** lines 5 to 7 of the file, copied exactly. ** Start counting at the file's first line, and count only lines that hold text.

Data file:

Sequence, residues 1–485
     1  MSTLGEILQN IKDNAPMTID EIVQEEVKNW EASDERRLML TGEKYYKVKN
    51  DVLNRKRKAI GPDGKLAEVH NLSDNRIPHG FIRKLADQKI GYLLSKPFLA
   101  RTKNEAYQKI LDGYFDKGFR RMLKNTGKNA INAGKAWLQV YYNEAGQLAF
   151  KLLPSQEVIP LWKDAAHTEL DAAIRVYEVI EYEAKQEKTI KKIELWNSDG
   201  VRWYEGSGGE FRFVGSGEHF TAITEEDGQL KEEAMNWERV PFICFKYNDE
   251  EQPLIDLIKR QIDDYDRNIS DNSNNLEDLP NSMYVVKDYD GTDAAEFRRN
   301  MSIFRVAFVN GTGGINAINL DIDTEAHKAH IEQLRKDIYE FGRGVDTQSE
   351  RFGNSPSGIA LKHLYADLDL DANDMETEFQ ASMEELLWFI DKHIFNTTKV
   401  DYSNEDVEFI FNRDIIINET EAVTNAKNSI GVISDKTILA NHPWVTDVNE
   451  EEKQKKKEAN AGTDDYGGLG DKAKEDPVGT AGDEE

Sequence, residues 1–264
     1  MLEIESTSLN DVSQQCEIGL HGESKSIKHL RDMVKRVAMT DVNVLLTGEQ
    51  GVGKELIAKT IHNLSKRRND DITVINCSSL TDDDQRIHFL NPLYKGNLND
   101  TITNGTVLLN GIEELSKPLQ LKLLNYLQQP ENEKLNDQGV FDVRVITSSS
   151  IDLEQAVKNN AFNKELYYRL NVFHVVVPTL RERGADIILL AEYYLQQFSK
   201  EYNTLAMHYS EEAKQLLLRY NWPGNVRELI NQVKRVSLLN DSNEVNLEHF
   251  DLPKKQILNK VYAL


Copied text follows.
   151  KLLPSQEVIP LWKDAAHTEL DAAIRVYEVI EYEAKQEKTI KKIELWNSDG
   201  VRWYEGSGGE FRFVGSGEHF TAITEEDGQL KEEAMNWERV PFICFKYNDE
   251  EQPLIDLIKR QIDDYDRNIS DNSNNLEDLP NSMYVVKDYD GTDAAEFRRN